Acute hamstring injuries are the most prevalent muscle injuries reported in sport. Despite a thorough and concentrated effort to prevent and rehabilitate hamstring injuries, injury occurrence and re-injury rates have not improved over the last three decades. This failure is most likely due to the following: (1) a lack of studies with high level of evidence into the identification and prevention of hamstring injuries and (2) a reductionist approach of the current literature. The objectives of this article are to review and critique the current literature regarding isolated risk factors, and introduce a new concept for a more comprehensive scientific understanding of how multiple risk factors contribute to hamstring strain injury. The authors hope that this new conceptual model can serve as a foundation for future evidence-based research and aid in the development of new prevention methods to decrease the high incidence of this type of injury.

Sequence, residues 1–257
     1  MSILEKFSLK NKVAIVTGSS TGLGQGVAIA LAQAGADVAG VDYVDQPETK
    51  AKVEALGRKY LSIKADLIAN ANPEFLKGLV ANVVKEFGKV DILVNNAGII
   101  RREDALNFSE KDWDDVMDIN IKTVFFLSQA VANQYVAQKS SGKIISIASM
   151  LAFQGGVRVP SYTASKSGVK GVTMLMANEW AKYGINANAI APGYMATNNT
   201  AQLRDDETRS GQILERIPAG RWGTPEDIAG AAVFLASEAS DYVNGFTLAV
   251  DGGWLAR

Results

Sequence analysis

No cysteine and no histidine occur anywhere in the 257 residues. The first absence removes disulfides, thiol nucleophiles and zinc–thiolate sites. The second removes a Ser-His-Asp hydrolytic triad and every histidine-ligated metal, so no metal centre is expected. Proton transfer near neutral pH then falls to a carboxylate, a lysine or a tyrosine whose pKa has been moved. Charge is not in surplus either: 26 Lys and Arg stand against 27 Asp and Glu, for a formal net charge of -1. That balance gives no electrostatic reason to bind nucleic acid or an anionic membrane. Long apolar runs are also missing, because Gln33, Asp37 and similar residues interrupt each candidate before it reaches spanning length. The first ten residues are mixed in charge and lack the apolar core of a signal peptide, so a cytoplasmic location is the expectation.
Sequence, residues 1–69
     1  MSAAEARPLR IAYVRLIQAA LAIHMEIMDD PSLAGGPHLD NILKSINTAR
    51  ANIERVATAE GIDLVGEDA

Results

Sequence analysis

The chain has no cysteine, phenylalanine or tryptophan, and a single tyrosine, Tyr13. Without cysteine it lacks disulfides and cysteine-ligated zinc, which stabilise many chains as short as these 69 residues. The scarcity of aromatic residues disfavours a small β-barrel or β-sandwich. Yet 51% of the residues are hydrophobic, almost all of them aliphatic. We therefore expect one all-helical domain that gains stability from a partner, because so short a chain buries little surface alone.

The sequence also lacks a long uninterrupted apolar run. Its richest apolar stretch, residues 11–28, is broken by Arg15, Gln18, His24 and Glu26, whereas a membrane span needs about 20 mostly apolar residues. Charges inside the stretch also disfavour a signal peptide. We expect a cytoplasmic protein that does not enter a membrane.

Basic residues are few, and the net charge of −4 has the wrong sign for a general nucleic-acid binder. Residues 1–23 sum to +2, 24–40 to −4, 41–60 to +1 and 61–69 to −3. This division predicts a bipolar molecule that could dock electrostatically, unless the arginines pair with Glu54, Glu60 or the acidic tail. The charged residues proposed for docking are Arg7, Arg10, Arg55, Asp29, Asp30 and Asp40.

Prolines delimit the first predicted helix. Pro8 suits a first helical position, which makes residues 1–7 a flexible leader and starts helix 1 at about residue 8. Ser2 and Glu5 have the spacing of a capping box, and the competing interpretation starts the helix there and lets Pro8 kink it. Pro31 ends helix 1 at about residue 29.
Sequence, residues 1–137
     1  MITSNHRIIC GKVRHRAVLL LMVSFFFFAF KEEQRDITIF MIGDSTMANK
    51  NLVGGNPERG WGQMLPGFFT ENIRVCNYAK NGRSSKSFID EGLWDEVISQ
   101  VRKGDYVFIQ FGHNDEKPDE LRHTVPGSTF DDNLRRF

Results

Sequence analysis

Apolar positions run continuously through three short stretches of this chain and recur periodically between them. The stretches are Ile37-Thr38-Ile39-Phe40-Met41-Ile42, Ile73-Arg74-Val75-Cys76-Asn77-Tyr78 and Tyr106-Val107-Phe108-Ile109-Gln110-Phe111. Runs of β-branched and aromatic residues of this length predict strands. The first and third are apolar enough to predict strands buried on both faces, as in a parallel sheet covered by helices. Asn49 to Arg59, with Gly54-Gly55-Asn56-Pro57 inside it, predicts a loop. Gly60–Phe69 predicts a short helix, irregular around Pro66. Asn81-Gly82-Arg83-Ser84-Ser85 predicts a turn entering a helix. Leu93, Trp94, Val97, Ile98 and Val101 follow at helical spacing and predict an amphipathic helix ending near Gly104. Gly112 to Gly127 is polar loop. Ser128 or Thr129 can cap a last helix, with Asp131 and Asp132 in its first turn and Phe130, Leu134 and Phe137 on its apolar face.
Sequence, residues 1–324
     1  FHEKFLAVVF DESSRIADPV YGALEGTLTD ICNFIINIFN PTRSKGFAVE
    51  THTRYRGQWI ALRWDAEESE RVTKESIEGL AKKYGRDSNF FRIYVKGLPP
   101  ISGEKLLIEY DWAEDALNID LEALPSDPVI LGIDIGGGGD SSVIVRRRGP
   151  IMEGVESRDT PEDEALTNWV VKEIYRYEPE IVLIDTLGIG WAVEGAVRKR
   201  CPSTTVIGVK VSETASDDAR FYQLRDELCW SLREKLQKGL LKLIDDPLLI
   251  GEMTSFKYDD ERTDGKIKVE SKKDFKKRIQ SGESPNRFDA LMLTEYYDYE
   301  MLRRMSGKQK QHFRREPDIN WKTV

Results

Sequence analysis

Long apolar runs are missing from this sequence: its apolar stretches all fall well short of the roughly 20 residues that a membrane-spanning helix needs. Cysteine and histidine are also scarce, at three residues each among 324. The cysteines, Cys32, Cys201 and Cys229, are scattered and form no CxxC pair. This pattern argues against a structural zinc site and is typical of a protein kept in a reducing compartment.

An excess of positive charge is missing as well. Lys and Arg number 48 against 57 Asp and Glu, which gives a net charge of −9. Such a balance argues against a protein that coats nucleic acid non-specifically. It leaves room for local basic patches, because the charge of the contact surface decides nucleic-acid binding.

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Competing interests None.
Provenance and peer review Not commissioned; externally peer reviewed.